A guitar pickup is uncommon in that it handles two distinct electrical tasks with one component: the coil serves as both an inductor and a current source. It rare in electronics that you have both tasks occur at the same location within the circuit, and this is one of several things that makes a guitar pickup unusual.
The guitar pickup acquires current by way of Faraday's Law of Induction. First, the pole pieces under the guitar strings endow the strings with a magnetic polarity. Now the six guitar strings then contain their own magnetic fields that each extend down into the coils of the pickup. When you pluck the strings, the amount of magnetic field with the coils increased and decreases rapidly, as the string moves up and down, nearer and further from the pickups and it's coil(s), and per Faraday's Law of Induction, a current is generated in the coil. The current is alternating. When the guitar strings approach the pickup, the current flows one way, and when the string move away, the current flows the other way.
If current is analogous to water, then voltage is analogous to water pressure. You can have a lot of water, or current, without water pressure, or voltage. In order to get water pressure, you need resistance, and the same is true of electricity. The way a guitar pickup produces resistance, and hence a voltage, is by containing an inductor. The same coil which generates the current by way of Faraday's Law of Induction, happens to have so many winds (anywhere from 5,000 to 10,000), that it not only receives the magnetic fiend from the guitar strings, but as current courses though the wire, it generates a new magnetic field of its own. This magnetic field pushes back against the alternating current produced by the guitar string, and thus you have resistance (technically referred to as "reactance" in this context), you have voltage.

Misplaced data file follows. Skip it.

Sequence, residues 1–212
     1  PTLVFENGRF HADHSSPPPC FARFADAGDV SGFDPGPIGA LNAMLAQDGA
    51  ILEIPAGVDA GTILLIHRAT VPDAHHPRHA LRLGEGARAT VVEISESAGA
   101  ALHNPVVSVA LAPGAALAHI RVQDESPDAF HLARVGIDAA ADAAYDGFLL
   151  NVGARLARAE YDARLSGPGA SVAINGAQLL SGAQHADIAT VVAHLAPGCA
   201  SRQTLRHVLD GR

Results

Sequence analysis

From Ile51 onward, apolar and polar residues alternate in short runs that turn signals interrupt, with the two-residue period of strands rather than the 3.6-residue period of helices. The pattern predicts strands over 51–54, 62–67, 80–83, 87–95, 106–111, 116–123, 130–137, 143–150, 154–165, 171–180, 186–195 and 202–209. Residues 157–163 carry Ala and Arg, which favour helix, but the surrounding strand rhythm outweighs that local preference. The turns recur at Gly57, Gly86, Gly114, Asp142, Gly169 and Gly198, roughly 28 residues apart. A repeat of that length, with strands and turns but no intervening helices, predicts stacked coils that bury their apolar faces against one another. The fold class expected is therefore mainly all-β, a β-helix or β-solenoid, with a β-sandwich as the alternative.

The primary reason there are "hot pickups" and "vintage" or "cool pickups" is on account of the inductor, or inductance of the pickup. An inductor is never "just an inductor". To some extent, it is also a capacitor, because electric charge attempts to attract along the windings of the coil. As you know from measuring guitar pickups with a multimeter, pickups also have some resistance; usually between 5k and 10k, on account of the resistance in the copper wire. So you have resistance "R", inductance "L" and some capacitance "C", therefore evey inductor can be said to be a "parallel RLC circuit". A parallel RLC circuit will form a "resonant peak", and at the frequency of the "resonant peak" the resistance (referred to as impedance in this context) reaches a maximum, and therefore causes the pickup to produce the most voltage at that particular frequency. The lower the inductance L and capacitance C, the higher the resonant peak will be, while higher values of L and C will result in a lower resonant frequency.This is the underlying reason why there are "hot pickup" and "cool pickups". When a pickup is "hot", it has more winds on the coil, thus it has higher inductance and a higher capacitance, and so it has a lower resonant peak, producing more voltage at low frequencies rather than high ones.